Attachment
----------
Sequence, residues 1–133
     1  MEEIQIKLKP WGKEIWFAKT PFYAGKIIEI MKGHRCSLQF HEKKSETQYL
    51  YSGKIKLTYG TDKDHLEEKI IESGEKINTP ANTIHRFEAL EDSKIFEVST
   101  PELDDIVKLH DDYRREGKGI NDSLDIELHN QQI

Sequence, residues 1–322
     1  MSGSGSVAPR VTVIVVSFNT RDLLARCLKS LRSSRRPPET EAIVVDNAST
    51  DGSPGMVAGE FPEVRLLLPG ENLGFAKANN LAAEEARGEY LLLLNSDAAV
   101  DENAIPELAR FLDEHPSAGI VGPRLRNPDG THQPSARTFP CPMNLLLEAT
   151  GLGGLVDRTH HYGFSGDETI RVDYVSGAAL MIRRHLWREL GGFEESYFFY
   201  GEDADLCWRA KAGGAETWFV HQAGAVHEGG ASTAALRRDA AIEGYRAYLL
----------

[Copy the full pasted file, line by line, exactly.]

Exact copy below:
Sequence, residues 1–133
     1  MEEIQIKLKP WGKEIWFAKT PFYAGKIIEI MKGHRCSLQF HEKKSETQYL
    51  YSGKIKLTYG TDKDHLEEKI IESGEKINTP ANTIHRFEAL EDSKIFEVST
   101  PELDDIVKLH DDYRREGKGI NDSLDIELHN QQI

Sequence, residues 1–322
     1  MSGSGSVAPR VTVIVVSFNT RDLLARCLKS LRSSRRPPET EAIVVDNAST
    51  DGSPGMVAGE FPEVRLLLPG ENLGFAKANN LAAEEARGEY LLLLNSDAAV
   101  DENAIPELAR FLDEHPSAGI VGPRLRNPDG THQPSARTFP CPMNLLLEAT
   151  GLGGLVDRTH HYGFSGDETI RVDYVSGAAL MIRRHLWREL GGFEESYFFY
   201  GEDADLCWRA KAGGAETWFV HQAGAVHEGG ASTAALRRDA AIEGYRAYLL